The parents of the two-year old Manchester girl, who has been on life-support since birth, have failed in a bid to get the European Court of Human Rights (ECHR) to intervene in their case.
The Strictly Orthodox family have argued for the right to take their severely disabled daughter Alta Fixsler to America or Israel for further treatment.
The child has been on life support at Manchester’s Royal Children’s Hospital since birth, and in May, the High Court ruled that Alta, who cannot breathe or eat on her own, could be placed into palliative care or have her life-sustaining treatment withdrawn.
But their lawyer David Foster confirmed on Wednesday that the “extremely disappointed” parents had lost their case in the ECHR.
Foster confirmed on Radio 4’s Today programme that the family had attempted to get the Court to intervene “on a number of grounds.”
As well as “medical disclosure issues” the family had “particularly” stressed how in their opinion the UK court had not given enough weight to their religious beliefs.
“It is a case of the court doing what is in the best interest of the child,” said Foster.
“One of the points the parents were keen to make is that the child has been in this stable condition for two years and therefore moving the child in this case to Israel would not cause her any greater harm or difficulty.”
The lawyer said that after failing in their bid to get the ECHR involved the family were now “considering the position at the moment.”
He added:”It’s still the case that agreement may be reached.
“We obviously hope that will happen.”
Thank you for helping to make Jewish News the leading source of news and opinion for the UK Jewish community. Today we're asking for your invaluable help to continue putting our community first in everything we do.
Unlike other Jewish media, we do not charge for content. That won’t change. Because we are free, we rely on advertising to cover our costs. This vital lifeline, which has dropped in recent years, has fallen further due to coronavirus.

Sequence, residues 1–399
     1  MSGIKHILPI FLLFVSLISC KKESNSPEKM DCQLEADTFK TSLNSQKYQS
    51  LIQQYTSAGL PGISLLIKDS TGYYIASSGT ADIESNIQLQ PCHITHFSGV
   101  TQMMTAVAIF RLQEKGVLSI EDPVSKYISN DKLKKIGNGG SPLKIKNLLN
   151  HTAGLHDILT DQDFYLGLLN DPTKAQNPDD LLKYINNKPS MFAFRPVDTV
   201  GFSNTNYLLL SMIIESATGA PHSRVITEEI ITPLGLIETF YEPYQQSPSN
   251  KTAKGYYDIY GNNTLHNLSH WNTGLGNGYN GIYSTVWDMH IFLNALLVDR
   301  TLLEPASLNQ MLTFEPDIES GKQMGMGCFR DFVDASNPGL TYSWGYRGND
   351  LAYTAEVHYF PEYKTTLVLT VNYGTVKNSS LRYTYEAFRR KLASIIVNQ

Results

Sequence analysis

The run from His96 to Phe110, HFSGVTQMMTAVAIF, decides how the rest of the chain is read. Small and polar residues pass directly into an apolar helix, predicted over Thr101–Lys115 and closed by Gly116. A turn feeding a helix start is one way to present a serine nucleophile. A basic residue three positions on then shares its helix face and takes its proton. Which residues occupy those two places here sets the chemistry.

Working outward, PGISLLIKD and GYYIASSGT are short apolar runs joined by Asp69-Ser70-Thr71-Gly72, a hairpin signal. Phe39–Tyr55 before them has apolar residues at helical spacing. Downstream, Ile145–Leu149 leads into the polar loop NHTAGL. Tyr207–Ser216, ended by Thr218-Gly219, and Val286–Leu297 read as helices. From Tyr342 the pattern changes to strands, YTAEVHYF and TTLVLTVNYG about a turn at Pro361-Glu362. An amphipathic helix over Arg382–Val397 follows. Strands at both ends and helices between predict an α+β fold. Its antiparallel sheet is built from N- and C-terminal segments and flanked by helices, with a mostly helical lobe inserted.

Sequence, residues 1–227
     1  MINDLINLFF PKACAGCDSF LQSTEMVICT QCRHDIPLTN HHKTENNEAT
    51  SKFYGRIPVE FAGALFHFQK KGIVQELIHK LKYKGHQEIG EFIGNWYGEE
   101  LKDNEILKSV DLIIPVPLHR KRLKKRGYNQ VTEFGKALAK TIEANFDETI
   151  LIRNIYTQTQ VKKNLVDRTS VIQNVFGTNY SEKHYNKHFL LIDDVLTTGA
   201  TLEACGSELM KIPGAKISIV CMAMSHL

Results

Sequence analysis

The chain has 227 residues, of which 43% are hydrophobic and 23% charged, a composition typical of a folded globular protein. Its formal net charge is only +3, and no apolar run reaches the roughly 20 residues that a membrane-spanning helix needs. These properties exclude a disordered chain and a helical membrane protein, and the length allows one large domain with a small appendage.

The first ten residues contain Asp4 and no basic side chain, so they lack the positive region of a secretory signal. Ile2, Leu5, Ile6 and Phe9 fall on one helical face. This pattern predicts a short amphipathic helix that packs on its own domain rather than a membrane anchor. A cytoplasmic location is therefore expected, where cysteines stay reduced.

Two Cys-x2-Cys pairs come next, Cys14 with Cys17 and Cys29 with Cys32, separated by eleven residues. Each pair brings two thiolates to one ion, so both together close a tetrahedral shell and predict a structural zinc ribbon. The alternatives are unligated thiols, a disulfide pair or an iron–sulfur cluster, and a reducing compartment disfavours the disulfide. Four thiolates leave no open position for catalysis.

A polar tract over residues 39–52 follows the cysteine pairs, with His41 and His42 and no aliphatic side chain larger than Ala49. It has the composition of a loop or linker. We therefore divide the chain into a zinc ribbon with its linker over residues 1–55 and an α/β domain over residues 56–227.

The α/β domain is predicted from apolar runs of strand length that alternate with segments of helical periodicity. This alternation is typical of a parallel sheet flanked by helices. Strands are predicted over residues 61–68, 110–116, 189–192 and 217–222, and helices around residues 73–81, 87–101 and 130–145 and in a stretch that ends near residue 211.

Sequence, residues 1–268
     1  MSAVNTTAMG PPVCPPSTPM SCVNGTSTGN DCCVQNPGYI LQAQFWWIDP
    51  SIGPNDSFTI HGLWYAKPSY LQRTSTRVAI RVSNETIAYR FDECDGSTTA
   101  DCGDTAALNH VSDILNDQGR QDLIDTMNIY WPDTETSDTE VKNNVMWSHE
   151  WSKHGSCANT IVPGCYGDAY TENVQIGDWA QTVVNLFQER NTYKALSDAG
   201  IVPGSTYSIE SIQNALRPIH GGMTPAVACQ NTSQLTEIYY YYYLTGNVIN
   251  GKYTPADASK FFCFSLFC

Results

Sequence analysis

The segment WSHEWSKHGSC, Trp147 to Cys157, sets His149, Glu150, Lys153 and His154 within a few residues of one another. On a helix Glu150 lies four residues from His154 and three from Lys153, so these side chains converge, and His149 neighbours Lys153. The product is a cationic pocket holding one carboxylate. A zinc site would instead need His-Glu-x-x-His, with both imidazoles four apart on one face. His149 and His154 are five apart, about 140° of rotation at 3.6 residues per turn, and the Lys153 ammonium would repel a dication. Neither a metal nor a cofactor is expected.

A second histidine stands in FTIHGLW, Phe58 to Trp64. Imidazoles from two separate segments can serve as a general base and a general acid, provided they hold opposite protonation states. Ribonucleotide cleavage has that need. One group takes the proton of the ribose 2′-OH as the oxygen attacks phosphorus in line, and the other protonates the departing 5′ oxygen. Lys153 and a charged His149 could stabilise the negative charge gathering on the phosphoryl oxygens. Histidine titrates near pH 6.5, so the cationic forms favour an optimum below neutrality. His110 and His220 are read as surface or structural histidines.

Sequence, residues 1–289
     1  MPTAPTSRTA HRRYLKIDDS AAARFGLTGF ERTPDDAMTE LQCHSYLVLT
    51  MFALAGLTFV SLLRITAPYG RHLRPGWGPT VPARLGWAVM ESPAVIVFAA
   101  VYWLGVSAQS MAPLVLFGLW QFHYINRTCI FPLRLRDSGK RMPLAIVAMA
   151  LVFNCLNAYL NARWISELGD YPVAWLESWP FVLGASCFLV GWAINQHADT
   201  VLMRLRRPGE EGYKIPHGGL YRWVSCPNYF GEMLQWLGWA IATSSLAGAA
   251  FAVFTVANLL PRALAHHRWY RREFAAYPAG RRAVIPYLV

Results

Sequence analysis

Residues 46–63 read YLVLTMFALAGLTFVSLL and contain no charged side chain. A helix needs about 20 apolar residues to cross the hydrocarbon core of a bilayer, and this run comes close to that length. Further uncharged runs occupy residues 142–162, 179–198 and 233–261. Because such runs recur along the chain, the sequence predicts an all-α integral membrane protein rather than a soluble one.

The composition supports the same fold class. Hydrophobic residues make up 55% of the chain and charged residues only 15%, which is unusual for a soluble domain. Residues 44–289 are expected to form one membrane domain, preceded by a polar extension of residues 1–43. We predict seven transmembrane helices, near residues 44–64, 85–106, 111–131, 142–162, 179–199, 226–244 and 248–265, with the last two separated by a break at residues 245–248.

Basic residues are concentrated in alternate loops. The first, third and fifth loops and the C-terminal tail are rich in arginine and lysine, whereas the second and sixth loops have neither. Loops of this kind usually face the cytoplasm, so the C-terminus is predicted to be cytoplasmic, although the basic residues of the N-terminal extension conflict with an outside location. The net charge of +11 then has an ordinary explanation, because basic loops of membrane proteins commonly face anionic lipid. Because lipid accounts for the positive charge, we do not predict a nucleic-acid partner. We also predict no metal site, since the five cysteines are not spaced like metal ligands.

For as little as £5 a month you can help sustain the vital work we do in celebrating and standing up for Jewish life in Britain.
Jewish News holds our community together and keeps us connected. Like a synagogue, it’s where people turn to feel part of something bigger. It also proudly shows the rest of Britain the vibrancy and rich culture of modern Jewish life.
You can make a quick and easy one-off or monthly contribution of £5, £10, £20 or any other sum you’re comfortable with.
100% of your donation will help us continue celebrating our community, in all its dynamic diversity...
Being a community platform means so much more than producing a newspaper and website. One of our proudest roles is media partnering with our invaluable charities to amplify the outstanding work they do to help us all.
There’s no shortage of oys in the world but Jewish News takes every opportunity to celebrate the joys too, through projects like Night of Heroes, 40 Under 40 and other compelling countdowns that make the community kvell with pride.
In the first collaboration between media outlets from different faiths, Jewish News worked with British Muslim TV and Church Times to produce a list of young activists leading the way on interfaith understanding.
Royal Mail issued a stamp honouring Holocaust hero Sir Nicholas Winton after a Jewish News campaign attracted more than 100,000 backers. Jewish Newsalso produces special editions of the paper highlighting pressing issues including mental health and Holocaust remembrance.
In an age when news is readily accessible, Jewish News provides high-quality content free online and offline, removing any financial barriers to connecting people.
Voice of our community to wider society
The Jewish News team regularly appears on TV, radio and on the pages of the national press to comment on stories about the Jewish community. Easy access to the paper on the streets of London also means Jewish News provides an invaluable window into the community for the country at large.
We hope you agree all this is worth preserving.